CRF Blog

An Immigrant-Funded Biotech Center in Rural Vermont? What Could Go Wrong?

by Bill Hayes

In An Immigrant-Funded Biotech Center in Rural Vermont? What Could Go Wrong?, a Bloomberg Businessweek feature story looks at where the money went when foreign investors were promised green cards in return for investing $500,000.

Pedro Brito, a manager at a waste-disposal business in Caracas, was riding his motorcycle home from work in November 2014 when six men on three motorbikes surrounded him. One pressed a gun to his stomach and threatened to kill him if he looked up. They wanted his motorcycle. Brito got off the bike and ran. Later, after reporting the theft to police, he received a threatening phone call. A month after that, his home was robbed. Then his 19-year-old daughter and her boyfriend were carjacked. Brito and his wife decided it was time for the family to leave Venezuela.

Some friends recommended that he consult an immigration attorney in Fort Lauderdale, who put him in touch with two men offering an intriguing opportunity for people eager to live in the U.S. and willing to pay for a legitimate chance. One was Bill Stenger, the chief executive of Jay Peak Resort, a family destination perched on a mountain in Vermont’s Northeast Kingdom region. The other was Ariel Quiros, the Miami businessman who owned the property. A decade earlier, Jay Peak had consisted only of a ski area and a roach-ridden lodge. Now it had three hotels, six restaurants, some 200 cottages, an indoor water park, an ice rink, a spa, and a convention center, all tended to by 600 employees. The $280 million transformation had been made possible by a U.S. government program known as EB-5, which allows prospective immigrants to invest $500,000 in hard-up areas in exchange for temporary residency for themselves and their families. Anyone whose investment creates 10 jobs can then become a permanent resident. The only faster way to become an American is to marry one.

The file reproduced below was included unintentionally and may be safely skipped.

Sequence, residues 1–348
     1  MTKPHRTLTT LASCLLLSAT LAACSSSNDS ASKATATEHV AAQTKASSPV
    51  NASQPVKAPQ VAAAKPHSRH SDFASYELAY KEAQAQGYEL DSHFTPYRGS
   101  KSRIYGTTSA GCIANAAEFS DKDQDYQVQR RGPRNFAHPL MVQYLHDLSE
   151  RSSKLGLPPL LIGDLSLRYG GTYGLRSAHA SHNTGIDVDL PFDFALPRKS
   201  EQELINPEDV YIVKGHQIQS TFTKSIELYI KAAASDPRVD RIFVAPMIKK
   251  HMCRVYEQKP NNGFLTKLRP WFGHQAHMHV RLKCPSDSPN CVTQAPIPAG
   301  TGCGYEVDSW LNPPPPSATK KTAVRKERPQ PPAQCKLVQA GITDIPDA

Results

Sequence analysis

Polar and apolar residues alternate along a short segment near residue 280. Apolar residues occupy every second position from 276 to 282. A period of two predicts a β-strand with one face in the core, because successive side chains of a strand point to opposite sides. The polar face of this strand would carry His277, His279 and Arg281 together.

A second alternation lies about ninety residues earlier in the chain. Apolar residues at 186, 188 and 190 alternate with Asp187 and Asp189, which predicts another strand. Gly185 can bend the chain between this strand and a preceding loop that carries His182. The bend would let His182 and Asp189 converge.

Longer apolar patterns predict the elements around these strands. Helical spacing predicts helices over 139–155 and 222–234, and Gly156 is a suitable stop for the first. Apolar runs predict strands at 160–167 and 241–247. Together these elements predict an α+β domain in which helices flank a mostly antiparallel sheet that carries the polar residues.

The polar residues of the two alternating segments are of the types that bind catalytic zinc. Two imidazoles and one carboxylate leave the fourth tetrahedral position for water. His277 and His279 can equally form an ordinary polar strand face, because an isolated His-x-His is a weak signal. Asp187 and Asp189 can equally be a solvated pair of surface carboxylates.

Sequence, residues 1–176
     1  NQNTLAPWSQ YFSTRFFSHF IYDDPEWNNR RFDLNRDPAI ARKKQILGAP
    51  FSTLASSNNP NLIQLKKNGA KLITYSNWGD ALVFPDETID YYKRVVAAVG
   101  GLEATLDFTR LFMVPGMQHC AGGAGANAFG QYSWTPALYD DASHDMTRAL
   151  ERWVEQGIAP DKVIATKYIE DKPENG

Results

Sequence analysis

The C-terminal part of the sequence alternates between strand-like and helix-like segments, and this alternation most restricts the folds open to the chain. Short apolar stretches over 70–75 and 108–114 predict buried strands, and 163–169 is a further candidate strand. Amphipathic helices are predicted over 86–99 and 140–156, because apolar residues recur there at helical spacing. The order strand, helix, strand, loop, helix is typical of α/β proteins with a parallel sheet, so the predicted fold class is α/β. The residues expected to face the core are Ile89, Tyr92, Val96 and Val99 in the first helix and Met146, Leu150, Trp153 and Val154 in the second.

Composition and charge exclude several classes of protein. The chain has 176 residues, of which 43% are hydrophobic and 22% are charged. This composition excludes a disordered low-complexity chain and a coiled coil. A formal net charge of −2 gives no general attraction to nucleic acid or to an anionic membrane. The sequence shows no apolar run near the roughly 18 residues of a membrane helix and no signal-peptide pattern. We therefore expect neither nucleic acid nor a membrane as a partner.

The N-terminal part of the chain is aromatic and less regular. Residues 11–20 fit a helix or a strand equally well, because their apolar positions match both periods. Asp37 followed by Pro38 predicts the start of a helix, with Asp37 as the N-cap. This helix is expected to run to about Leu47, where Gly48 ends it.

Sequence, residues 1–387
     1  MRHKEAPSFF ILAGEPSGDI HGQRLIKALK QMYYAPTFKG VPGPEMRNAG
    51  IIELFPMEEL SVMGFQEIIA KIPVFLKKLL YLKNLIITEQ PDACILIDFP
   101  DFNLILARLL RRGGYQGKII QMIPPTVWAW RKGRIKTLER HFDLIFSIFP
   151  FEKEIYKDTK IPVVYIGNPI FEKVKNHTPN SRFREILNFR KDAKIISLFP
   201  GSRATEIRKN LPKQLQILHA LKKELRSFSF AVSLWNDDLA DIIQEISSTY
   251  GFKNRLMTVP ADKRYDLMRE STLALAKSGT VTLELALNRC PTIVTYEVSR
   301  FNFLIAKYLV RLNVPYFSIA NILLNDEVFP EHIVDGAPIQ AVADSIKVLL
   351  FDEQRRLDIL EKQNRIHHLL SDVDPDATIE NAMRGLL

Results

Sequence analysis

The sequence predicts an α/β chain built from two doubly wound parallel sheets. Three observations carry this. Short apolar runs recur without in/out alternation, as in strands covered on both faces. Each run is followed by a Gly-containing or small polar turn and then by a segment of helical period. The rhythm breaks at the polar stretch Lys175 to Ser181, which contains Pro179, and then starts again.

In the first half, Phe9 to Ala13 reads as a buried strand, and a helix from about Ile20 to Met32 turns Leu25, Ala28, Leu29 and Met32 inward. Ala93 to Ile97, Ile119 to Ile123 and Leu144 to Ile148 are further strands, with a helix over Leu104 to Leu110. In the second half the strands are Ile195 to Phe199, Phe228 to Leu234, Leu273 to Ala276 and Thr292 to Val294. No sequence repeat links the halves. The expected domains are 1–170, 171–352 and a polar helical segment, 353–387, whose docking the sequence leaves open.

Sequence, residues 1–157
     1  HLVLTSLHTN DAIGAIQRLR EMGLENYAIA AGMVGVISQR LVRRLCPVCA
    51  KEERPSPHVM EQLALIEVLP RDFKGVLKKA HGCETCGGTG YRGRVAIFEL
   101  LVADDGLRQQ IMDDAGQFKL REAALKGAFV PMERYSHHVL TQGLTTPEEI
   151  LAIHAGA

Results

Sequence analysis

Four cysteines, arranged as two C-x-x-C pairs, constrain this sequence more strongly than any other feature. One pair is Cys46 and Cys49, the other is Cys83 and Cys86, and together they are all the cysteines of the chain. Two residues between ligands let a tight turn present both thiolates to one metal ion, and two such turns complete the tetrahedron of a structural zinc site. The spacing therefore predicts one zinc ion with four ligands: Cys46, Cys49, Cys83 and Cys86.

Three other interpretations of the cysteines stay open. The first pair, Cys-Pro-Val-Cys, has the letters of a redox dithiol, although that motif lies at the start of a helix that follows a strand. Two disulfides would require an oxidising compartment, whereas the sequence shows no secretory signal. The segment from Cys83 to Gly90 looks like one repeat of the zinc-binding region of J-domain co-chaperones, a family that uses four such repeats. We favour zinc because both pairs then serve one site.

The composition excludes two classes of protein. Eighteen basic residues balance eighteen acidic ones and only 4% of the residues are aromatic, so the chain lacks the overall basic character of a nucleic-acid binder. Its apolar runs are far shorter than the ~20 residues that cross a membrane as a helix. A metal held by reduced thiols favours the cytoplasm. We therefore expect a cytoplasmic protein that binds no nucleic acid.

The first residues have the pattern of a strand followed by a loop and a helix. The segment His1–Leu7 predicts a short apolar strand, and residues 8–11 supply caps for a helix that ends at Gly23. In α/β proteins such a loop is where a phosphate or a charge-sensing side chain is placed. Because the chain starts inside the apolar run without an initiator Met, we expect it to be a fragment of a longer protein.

The EB-5 program has opened up all sorts of possibilities since it was started in 1990 — mischief, abuse, and fraud among them. Initially it required investors to put in $1 million and show direct evidence that the money had led to those 10 new jobs. But after two years, Congress modified the program to encourage investment in rural and underdeveloped areas, permitting prospective immigrants to invest less money in projects and count “indirect” jobs estimated by economic models.

These projects get sponsored by federally approved regional centers, which serve as economic-development organizations drawing on EB-5 money. There are now 861 such centers, all of which — except for Vermont’s — are privately run. They work with hundreds of brokers, who raise funds for projects such as wind farms and military-base redevelopments while collecting fees for themselves. These initiatives don’t always create the required jobs, return investors’ capital, or help distressed communities. Developers have found ways, for example, of using funding intended for rural areas to build in well-off neighborhoods. [more]